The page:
I’m a bit nervous about preserving food. We have been enjoying our grandma’s homemade raspberry jam for years, and one of the saddest parts of the liquid limits on plane flights now is that you can’t carry that delicious stuff in your carry on anymore. (On the other hand, a good break for Grandma–hauling bags full of heavy jam around various airports–because you can’t get a direct flight to Oklahoma from anywhere it seems–is a lot of effort!). She’s also made strawberry, boysenberry, and the amusingly named, but irresistible, marionberry–so I’ve had an appreciation for the more unusual varieties of fruits and veggies for a long time.
The point is my Grandma knows what she is doing. On the other hand, since noone learns how to to these “old fashioned” methods of food preparation they seem a little exotic. My Grandma is of course from another generation and grew up on a farm. A good friend of my grandparents (and indeed of our family), Mike Toly, also preserved food–he put up little jars of homemade pickles. But again, he was my grandparents generation. Who knows how to do this today? In fact I find it pretty intimidating (in particular since I’m terrified I will poison everyone with botulism, though I suppose this is kind of silly–but on the topic of botulism, why oh why would you stick that stuff in your face?)
As I’ve said before, I have a strange fascination with these “old-fashioned” and “do it yourself” ways. In fact, I’ve been getting some books from the library to see how this whole canning thing works (in an hope that I will have tons of tomatoes for preserving, which is seeming foolishly optimistic these days). In fact there is also a great resource put out by the USDA that you can download here. I’m still intimidated, but hopefully will get up the nerve to give it a go.
In the meantime I have tried my hand at perhaps the easiest preserved food there is: preserved lemons! So much acid, and so much salt, that I think nothing can grow in there. Of course you have to properly sterilize the jar first (i.e. boil it for 10 minutes) but then it’s just a matter of stuffing all the ingredients in and covering with lemon juice. The lemons need to stay submerged–I suppose otherwise they could rot. You shake every day to redistribute the salt while curing, and various recipes differ in how long they take to mature. I have used this recipe from Mark Bittman but I also consulted the Ball Guide as well (their recipes are tested, so that assuaged my nerves a little). There’s not much to report for now. I’ve been diligently shaking, but have had to reopen the jar as I think I dislodged the lemons and they were not staying covered by the juice. (I certainly hope that was what happened–otherwise it was more than a momentary exposure to air!). We’ll have to wait and see.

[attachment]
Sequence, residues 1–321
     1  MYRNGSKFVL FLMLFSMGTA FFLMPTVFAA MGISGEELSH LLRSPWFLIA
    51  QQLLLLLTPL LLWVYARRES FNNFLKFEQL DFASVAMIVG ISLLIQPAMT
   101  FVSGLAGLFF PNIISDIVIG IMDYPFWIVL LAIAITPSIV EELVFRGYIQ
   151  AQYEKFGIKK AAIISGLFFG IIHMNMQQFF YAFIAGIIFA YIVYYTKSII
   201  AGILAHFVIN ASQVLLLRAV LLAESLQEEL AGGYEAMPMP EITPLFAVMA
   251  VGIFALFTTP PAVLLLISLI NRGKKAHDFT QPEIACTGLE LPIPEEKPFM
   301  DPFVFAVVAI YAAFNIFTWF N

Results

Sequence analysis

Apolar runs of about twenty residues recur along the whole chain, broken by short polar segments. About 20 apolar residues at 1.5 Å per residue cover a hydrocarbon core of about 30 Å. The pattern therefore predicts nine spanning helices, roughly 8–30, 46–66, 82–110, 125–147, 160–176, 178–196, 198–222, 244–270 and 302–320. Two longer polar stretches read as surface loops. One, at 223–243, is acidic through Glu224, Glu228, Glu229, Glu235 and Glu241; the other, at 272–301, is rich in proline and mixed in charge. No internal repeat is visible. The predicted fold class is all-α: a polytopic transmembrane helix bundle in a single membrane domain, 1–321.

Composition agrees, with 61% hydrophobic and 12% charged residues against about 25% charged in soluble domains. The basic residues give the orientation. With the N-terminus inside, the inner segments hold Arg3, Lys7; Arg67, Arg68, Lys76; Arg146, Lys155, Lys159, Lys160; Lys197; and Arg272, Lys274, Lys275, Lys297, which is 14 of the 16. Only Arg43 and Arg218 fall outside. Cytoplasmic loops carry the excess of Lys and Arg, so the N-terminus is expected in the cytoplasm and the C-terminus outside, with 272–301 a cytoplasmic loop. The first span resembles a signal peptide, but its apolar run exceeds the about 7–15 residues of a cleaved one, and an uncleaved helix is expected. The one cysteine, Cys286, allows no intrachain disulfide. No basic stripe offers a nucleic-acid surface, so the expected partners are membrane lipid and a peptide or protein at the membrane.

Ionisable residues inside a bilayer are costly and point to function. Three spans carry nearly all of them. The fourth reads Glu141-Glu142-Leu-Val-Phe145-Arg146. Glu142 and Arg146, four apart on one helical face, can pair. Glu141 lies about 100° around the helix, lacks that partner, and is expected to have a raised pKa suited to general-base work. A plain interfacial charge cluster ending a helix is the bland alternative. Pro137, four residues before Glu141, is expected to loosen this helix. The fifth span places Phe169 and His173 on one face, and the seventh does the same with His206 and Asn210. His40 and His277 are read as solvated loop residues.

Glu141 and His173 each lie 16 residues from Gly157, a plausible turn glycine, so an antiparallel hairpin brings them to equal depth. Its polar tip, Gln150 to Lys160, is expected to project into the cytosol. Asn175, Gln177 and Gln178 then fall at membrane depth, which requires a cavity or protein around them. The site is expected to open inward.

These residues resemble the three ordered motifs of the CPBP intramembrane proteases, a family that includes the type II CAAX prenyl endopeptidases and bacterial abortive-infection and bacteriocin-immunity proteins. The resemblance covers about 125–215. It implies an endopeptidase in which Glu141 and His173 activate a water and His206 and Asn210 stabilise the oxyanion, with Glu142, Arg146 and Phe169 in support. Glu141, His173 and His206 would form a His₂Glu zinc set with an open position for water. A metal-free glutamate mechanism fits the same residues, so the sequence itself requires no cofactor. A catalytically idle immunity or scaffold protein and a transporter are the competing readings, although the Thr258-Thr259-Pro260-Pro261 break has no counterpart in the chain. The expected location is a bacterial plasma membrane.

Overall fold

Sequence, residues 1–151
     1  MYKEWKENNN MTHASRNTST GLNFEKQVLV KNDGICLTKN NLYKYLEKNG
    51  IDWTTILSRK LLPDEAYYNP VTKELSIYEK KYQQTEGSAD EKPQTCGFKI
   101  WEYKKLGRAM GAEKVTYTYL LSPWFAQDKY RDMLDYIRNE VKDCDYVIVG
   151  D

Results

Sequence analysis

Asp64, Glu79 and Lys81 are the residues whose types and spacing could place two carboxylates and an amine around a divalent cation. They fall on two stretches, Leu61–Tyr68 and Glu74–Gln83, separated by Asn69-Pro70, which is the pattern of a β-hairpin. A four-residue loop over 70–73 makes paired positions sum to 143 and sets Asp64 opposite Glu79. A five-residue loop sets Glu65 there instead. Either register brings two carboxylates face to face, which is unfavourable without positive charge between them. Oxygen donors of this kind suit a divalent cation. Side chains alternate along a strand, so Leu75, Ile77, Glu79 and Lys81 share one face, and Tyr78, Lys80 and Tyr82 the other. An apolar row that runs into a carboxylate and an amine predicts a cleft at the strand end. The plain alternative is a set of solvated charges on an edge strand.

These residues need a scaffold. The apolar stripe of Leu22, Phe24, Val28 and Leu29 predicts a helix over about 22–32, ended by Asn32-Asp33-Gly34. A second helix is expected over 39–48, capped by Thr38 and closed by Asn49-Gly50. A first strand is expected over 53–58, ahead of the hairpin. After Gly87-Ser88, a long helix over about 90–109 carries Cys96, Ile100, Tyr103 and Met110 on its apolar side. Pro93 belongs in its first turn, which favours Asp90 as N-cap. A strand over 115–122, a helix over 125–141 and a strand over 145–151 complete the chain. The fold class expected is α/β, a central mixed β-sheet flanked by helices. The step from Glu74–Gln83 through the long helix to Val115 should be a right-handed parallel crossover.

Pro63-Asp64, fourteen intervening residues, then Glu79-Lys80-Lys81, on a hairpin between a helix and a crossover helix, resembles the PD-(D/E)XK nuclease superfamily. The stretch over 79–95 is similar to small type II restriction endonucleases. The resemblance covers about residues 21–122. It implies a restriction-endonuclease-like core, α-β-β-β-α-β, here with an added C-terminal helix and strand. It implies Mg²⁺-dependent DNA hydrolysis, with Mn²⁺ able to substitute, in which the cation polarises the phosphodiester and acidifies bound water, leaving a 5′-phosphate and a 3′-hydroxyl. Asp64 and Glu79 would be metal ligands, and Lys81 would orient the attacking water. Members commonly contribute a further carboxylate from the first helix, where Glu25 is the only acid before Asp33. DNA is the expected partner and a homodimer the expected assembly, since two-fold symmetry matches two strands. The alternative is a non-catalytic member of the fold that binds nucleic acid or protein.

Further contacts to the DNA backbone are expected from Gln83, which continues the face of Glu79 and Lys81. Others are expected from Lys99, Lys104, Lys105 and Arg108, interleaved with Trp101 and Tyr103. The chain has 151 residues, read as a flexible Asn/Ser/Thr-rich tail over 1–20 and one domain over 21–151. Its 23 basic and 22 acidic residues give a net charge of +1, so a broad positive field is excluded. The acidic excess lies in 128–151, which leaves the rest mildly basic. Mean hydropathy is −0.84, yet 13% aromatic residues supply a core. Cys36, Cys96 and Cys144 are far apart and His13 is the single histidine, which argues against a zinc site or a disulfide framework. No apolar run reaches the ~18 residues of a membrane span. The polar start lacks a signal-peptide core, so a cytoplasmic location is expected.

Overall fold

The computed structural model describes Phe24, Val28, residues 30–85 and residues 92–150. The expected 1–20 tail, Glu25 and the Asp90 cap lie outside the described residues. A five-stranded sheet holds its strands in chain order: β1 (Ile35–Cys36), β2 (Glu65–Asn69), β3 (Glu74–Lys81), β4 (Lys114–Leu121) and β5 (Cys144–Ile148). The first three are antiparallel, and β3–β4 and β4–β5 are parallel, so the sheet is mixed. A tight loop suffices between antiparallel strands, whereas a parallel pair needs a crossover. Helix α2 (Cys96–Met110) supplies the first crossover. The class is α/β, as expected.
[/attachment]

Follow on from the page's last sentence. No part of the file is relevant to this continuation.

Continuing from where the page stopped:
Besides being a good entree into the concept of pickling, preserved lemons are a pretty cost-effective item to make, if you consider what it costs to purchase in stores. I’ve been intrigued by these for a while, having seen them in my beloved Claudia Roden cookbook (three types!), Deborah Madison, Judy Rodgers, and of course Mark Bittman. Since I like Mediterranean food, I come across lots of recipes that call for these. But I’ve never gotten around to making it until now. Perhaps the final straw was seeing a 4 ounce jar for 9$ at Whole Foods. My jar is one pint, that’s 16 ounces, and cost 6$ to make (only because I used organic lemons, but since it’s the peel that you eat, it seemed worth it). Also, since this is a condiment, one jar can last you a while (if 6$ seems a bit extravagant, even!). What’s fun is, a this is a traditional recipe, there are endless permutations on the same basic theme to try!
Plus, isn’t it just so beautiful?